Anti-trafficking bill moves through Congress at a snail’s pace

Congress allowed a major anti-trafficking law to expire at the end of September. Months later, the bill is slowly moving through Congress.

By Shawna Templeton. Photo by Khaing Min Htoo.
Published November 16, 2011 at 12:00am PST

The Trafficking Victims Protection Act (TVPA) — the cornerstone of U.S. policies to fight modern-day slavery — expired on September 30 because Congress did not vote to reauthorize the law in time. As a result, U.S. efforts to combat trafficking are essentially on hold until the law is reauthorized.

However, due to pressure from citizen advocates, the bill is being taken up by congressional committees, albeit somewhat sluggishly.

A major piece of human rights legislation

Trafficking — the use of fraud, force, or coercion to exploit a child or adult for profit — occurs in every country in the world, including the United States.

The TVPA helps protect the vulnerable, supports trafficking survivors, and gives law-enforcement agencies the tools to prosecute traffickers. It positions the United States as a global leader in the fight against modern-day slavery.

Because the methods of traffickers always change, the law must change, too. Each time the bill is renewed, innovations and improvements are added to the original legislation. Congress unanimously passed and then approved every reauthorization since 2000, in the years 2003, 2005, and 2008.

Advocates continue to lobby Congress

While the reauthorization bill was not voted on before the expiration, the House Committee on Foreign Affairs unanimously passed the bill on October 6. However, the House Judiciary Committee must still vote on the bill. This vote is expected to take place sometime in November.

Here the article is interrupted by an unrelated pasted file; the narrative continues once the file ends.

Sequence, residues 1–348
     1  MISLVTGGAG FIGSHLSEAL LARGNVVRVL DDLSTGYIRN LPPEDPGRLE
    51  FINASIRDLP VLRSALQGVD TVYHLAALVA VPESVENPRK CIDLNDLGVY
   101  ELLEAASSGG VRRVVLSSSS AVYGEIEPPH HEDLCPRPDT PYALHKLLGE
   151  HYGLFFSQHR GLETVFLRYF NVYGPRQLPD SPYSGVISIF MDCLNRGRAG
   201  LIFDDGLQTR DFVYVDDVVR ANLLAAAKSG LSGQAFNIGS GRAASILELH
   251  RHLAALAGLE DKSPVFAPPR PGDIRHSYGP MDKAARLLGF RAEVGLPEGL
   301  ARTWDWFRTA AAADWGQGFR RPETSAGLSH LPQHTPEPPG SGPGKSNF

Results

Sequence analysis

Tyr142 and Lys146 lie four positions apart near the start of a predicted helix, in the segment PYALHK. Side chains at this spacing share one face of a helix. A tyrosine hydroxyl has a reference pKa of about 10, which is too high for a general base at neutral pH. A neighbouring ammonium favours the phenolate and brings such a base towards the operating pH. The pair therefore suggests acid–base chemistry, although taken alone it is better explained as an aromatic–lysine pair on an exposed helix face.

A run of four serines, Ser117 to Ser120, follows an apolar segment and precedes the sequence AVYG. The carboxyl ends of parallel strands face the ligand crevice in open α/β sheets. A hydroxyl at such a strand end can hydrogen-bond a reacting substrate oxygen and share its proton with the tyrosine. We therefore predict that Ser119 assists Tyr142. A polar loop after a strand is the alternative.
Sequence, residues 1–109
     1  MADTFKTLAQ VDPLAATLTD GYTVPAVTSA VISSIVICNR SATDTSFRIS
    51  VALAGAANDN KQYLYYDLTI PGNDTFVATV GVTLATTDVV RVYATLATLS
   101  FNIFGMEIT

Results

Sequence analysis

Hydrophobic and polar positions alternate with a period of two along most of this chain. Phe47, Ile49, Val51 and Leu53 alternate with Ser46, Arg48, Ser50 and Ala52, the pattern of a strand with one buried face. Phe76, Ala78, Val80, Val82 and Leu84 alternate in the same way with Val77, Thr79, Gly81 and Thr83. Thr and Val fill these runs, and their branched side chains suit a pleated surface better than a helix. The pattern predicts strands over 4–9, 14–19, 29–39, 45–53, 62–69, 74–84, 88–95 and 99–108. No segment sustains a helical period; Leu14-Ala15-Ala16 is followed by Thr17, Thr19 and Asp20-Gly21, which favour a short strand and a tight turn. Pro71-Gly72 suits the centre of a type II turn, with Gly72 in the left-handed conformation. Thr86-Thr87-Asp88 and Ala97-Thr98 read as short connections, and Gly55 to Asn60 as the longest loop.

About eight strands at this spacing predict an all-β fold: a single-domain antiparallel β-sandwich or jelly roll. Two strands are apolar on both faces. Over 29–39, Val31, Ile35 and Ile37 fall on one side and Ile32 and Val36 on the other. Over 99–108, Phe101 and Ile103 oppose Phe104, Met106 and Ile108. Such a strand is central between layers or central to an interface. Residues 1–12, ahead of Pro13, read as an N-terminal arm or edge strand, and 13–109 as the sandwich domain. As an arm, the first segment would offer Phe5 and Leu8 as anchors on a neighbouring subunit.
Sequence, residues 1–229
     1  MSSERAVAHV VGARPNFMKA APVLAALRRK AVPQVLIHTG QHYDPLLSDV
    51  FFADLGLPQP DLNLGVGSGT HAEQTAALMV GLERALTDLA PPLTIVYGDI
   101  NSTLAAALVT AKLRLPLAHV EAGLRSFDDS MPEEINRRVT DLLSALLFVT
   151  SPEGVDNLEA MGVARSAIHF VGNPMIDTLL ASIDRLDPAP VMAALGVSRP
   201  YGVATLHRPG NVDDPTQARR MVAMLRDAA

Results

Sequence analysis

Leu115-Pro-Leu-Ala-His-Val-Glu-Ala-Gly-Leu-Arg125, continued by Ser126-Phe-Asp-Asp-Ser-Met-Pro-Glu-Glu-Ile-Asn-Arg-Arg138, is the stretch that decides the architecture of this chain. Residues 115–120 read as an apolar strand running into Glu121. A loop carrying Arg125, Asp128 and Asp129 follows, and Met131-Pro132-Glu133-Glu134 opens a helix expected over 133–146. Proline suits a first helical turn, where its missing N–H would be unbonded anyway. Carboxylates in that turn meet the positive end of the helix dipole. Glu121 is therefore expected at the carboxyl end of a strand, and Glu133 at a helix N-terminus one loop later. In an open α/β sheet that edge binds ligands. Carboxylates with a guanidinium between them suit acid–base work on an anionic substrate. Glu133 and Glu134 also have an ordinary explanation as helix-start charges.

On October 13, the Senate Judiciary Committee voted 12-6 to send the bill to the full Senate for a vote.

World Vision’s Jesse Eaves says the bill is still moving forward because citizens are speaking out. “This is a direct result of the pressure brought by advocates,” says Eaves. “It’s only through this sustained effort that we can restart the United States’ fight against trafficking.”

Thousands of World Vision supporters have contributed their voices to this cause.

Three ways you can help

Please pray that all sides to come together so that the United States continues to be the global leader in the fight against slavery.

Speak out. Call your members of Congress to voice your support for the TVPA.

Make a one-time gift to help support girls and women in crisis. Your donation will help World Vision provide protection, counseling, education, vocational training, and more to girls and women who were formally subjected to abuse or exploitation.